In addressing this issue, it must be noted at the outset that the Fourth Circuit requires a reviewing court to give great deference to an ALJ's credibility determinations and assess them only as to whether they are supported by substantial evidence. Eldeco, Inc. v. NLRB, 132 F.3d1007, 1011 (4th Cir. 1997). Thus, an ALJ's credibility determination "should be accepted by the reviewing court absent exceptional circumstances." Id. (quoting NLRB v. Air Products & Chemicals, Inc., 717 F.2d 141, 145 (4th Cir. 1983). See also Bieber v. Dep’t. of the Army, 287 F.3d1358, 1364 (Fed. Cir. 2002) (“credibility determinations of an ALJ are virtually unreviewable on appeal”); Pope v. U.S. Postal Service, 114 F.3d 1144, 1149 (Fed.Cir. 1997) (reviewing courts “are not in a position to re-evaluate … credibility determinations, which are not inherently improbable or discredited by undisputed fact”). Giving this required deference to a credibility finding, it is obvious both from the medical and the educational record in the instant case that as a whole the ALJ’s credibility assessment is neither unreasonable nor contradicted by other findings made by the ALJ.

Moreover, the ALJ’s credibility determination is consistent with the two-step process required by the agency’s regulations for evaluating the credibility of an individual’s claims regarding her symptoms. Craig v. Chater, 76 F.3d 585, 594 (4th Cir. 2001). He first determined that the plaintiff suffers from impairments that could be reasonably expected to produce the alleged symptoms. (R. 14). Then, in accordance with the second part of this analysis, he evaluated the father’s statements about the intensity and persistence of L.R.B.’s symptoms and their functional consequences. In doing so the ALJ appropriately also took into account “comments in progress notes … that support some of the allegations of the claimant’s father;” including inter alia the child’s need for perfection that inhibited her ability to accomplish tasks at a reasonable pace, her need for a structured and purposeful approach to therapeutic activities, the anger and moodiness she displayed on one occasion in late January 2010 and her display of signs of morbid depression on another occasion. (R. 15). Likewise, the ALJ appropriately took into account evidence in the record that did not support the child’s father, including inter alia the GAF 70 functional assessment by Dr. Turner in January 2010, the generally mild symptomology associated with an anxiety NOS diagnosis, the child’s history of attending school regularly and being an average to above-average student, and the child’s independence in all daily living activities. (R. 15).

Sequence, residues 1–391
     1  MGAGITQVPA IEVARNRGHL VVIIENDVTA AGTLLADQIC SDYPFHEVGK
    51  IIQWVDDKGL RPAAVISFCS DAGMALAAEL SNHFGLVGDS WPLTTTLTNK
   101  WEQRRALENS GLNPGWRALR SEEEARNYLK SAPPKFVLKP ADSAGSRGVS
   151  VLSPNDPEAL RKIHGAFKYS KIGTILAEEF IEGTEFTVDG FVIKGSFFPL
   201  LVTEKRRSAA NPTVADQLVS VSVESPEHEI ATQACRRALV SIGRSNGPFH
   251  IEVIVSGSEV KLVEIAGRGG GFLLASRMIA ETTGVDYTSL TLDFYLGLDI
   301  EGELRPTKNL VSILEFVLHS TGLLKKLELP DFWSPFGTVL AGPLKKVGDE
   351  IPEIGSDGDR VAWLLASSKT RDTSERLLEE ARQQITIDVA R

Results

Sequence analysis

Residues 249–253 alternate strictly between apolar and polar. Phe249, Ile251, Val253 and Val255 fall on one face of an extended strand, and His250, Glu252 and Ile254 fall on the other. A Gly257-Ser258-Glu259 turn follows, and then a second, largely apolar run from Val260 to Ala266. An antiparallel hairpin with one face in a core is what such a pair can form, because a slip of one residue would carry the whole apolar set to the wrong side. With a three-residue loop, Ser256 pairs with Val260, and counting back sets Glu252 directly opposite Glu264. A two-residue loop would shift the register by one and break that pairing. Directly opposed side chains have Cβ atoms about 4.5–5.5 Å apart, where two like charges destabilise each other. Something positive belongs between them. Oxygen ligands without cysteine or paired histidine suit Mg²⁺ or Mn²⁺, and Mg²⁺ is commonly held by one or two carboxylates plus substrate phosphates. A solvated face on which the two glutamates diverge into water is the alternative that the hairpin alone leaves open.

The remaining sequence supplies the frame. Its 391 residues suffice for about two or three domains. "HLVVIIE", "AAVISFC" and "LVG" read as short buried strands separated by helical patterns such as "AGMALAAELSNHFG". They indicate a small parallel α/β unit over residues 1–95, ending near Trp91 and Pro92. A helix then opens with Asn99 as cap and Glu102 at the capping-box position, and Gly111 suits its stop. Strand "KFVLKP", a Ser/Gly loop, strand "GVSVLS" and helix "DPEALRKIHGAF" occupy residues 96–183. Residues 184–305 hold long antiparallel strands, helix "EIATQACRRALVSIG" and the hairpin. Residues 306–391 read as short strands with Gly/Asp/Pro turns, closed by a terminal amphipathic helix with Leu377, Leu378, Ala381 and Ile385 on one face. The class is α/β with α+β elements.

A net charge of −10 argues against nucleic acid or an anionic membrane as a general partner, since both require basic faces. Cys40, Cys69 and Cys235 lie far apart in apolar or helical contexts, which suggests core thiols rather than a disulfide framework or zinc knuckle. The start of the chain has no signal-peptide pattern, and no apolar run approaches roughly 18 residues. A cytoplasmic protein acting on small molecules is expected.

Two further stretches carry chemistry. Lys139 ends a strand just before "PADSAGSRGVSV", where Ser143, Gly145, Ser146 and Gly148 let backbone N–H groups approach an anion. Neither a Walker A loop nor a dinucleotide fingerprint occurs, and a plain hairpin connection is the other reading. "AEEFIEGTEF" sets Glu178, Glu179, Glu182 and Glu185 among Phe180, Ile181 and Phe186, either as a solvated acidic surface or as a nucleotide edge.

In summary, the ALJ’s partial acceptance and his partial rejection of the testimony provided by the child’s father on various topics were supported by substantial evidence. The ALJ followed the controlling agency regulations, and there simply was no decisional error by the ALJ. 20 C.F.R. § 416.929. See Craig at 594-596.